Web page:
Debt collection is an essential part of any business and typically involves collecting money owed in a timely manner from debtors or accounts receivables. Poor debt collection practices may have serious ramifications for your business and may even lead to closure. In this particular article, we will take a look at how uncollected debts may have a bearing on your business’ future.
At the heart of debt collection is working capital management. Working capital can be defined as the capital used in day – to – day activities of the firm such as paying relatively small expenses or maintaining a float.
In accounting terms working capital may be calculated as a firm’s current assets less its current liabilities. Current assets may include the following:
- Cash and cash equivalents
- Short – term investments
- Accounts receivables
- Prepaid expenses
Current liabilities comprise the following:
- Accounts payable
- Accrued expenses
- Income tax payable
- Short – term notes payable
- The portion of long – term debt that is payable
We will come back to this later and how poor debt collection precisely affects a business. First, however, we will need an adequate understanding on the concept of the supply chain. The supply chain prescribes the interlinked activities between a company and its suppliers to manufacture and distribute its products to its customers.
For the typical manufacturer, this chain includes processes such as receipt of raw materials, machinery and labour to process the supplied materials and then packaging and finally storing the goods until they are sold to the end customer. The process may not be straight forward, as a manufacturer may require raw materials from different suppliers; as in the case of a clothes manufacturer who may require zippers from one supplier, cotton from one supplier and silk from another supplier. This specific manufacturer would have to ensure that the supplies arrive at a timely manner so as to ensure efficient manufacturing of the clothes.
To illustrate the effect of poor working capital management would best be explained through an example. Imagine the same clothes manufacturing company used in the previous paragraph. Imagine the company sells clothing that requires two distinct suppliers. One of the suppliers supplies raw materials more frequently than the other and as a result invoices the firm more often. Furthermore, the firm has sold a sizeable amount of clothes to a customer who has not paid their debts. Let’s take a look at how this applies to the above factors.
As mentioned above, current assets include cash, cash equivalents and accounts payable. Firm’s typically sell their goods on credit and as such go through the entire supply chain process. The manufacturing firm, in this case, will use its current cash balances to pay for purchases from the supplier who provides raw materials more frequently. However, since it has sold these goods on credit, the company’s accounts receivables (current assets) increases. So the company is still solvent.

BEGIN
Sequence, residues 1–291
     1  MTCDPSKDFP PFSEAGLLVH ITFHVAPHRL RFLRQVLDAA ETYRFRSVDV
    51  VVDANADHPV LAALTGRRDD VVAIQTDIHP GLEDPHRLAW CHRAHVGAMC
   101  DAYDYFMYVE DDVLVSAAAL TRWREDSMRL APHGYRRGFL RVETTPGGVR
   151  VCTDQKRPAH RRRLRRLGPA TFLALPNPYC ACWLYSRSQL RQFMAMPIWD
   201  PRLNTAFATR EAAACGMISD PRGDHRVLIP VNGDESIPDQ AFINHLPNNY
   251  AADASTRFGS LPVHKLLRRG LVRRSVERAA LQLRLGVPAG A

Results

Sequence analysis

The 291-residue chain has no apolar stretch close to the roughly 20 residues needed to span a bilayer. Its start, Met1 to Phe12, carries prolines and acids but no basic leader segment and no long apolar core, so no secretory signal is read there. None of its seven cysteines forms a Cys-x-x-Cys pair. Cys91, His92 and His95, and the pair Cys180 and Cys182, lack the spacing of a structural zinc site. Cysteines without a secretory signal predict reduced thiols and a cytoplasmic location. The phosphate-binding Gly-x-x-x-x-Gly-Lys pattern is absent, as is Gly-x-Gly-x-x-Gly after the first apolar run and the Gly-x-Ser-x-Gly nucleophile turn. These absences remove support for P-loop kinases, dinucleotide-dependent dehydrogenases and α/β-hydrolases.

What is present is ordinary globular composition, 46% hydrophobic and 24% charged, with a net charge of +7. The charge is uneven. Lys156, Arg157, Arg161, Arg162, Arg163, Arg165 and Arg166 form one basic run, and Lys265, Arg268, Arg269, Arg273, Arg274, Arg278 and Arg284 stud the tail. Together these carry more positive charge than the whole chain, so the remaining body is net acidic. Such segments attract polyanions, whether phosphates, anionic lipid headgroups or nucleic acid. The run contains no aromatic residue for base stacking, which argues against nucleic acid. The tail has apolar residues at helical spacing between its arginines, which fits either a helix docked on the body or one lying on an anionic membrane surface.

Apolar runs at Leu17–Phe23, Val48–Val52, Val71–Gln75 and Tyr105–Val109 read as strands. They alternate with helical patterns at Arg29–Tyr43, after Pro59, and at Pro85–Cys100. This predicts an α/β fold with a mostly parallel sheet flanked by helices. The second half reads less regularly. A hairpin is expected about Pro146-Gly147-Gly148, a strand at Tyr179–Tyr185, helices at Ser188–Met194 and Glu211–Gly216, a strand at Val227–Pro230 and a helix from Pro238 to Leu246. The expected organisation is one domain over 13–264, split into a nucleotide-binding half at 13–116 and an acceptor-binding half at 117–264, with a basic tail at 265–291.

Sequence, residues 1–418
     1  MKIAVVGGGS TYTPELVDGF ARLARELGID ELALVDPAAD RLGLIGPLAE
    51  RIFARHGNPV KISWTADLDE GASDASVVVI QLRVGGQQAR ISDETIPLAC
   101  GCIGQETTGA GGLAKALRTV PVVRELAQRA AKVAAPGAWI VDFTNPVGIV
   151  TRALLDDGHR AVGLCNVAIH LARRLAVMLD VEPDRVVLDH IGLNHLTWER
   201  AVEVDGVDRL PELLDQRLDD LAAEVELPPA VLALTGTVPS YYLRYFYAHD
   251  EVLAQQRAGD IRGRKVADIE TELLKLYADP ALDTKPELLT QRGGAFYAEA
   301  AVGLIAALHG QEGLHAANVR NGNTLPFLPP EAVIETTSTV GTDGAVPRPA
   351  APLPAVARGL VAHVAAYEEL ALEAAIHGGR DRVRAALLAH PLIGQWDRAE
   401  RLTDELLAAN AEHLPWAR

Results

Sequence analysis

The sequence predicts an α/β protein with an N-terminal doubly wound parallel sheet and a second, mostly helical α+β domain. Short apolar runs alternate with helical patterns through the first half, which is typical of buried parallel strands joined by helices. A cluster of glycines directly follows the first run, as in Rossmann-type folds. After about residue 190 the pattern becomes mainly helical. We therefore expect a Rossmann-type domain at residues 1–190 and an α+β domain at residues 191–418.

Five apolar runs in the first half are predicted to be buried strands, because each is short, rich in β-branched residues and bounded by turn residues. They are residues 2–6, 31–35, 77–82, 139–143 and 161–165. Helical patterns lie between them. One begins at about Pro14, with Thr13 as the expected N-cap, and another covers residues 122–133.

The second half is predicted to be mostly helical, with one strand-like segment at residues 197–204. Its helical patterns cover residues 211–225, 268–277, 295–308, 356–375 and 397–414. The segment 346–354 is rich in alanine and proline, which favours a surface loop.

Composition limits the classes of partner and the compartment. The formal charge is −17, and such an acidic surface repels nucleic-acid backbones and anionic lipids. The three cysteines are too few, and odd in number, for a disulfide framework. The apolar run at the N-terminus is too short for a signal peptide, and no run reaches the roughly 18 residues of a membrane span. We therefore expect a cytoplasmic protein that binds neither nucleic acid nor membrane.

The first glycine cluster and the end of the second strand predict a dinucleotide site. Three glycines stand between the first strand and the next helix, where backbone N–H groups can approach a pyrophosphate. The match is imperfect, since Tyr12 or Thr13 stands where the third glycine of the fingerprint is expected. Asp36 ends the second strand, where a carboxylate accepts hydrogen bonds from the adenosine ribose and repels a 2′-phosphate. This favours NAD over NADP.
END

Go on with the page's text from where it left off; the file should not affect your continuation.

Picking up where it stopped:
However, once the firm fails to collect the debt it is owed, the firm is forced to write off the credit sale as a bad debt. This in itself begins a snowball event, in which one action is a direct consequence of the other. The firm then has to reduce its account receivables by the amount owed and thus reduce its current assets. Thus the firm’s solvency position worsens. Since the company did not receive the money it was expecting, it may not be able to pay for its supplies. This implies an increase in the company’s accounts payable. Yet again, the firm’s solvency position worsens.
To resolve this, the company may have to take on more debt in order to pay its suppliers. This further exacerbates the company’s solvency position. Creditors and suppliers will take note of the company’s poor liquidity position and may impose stricter controls and even higher prices for their supplies to protect. This reduces the company’s margins and the company may even have reduced sales. Overall, this may severely slow down growth of the company and may even lead to stagnation.
As shown above, writing off credit sales as bad debts impacts companies considerably. A common quote is that cash is king and really, if you are not making money then you might as well close shop. A company should strive to implement best practice when it comes to debt collection, lest they want to be out of business. Companies should strive to implement punitive measures for customers who are not paying their debts in time as well as have a clear cut outline for their policies on debt collection. They should also track customer behaviour in order to retain customers who honour debt obligations as well avoid business with customers with a poor history of debt repayment. Finally, as a last resort, companies should strive to have a debt collection agency ready to collect any troublesome debt.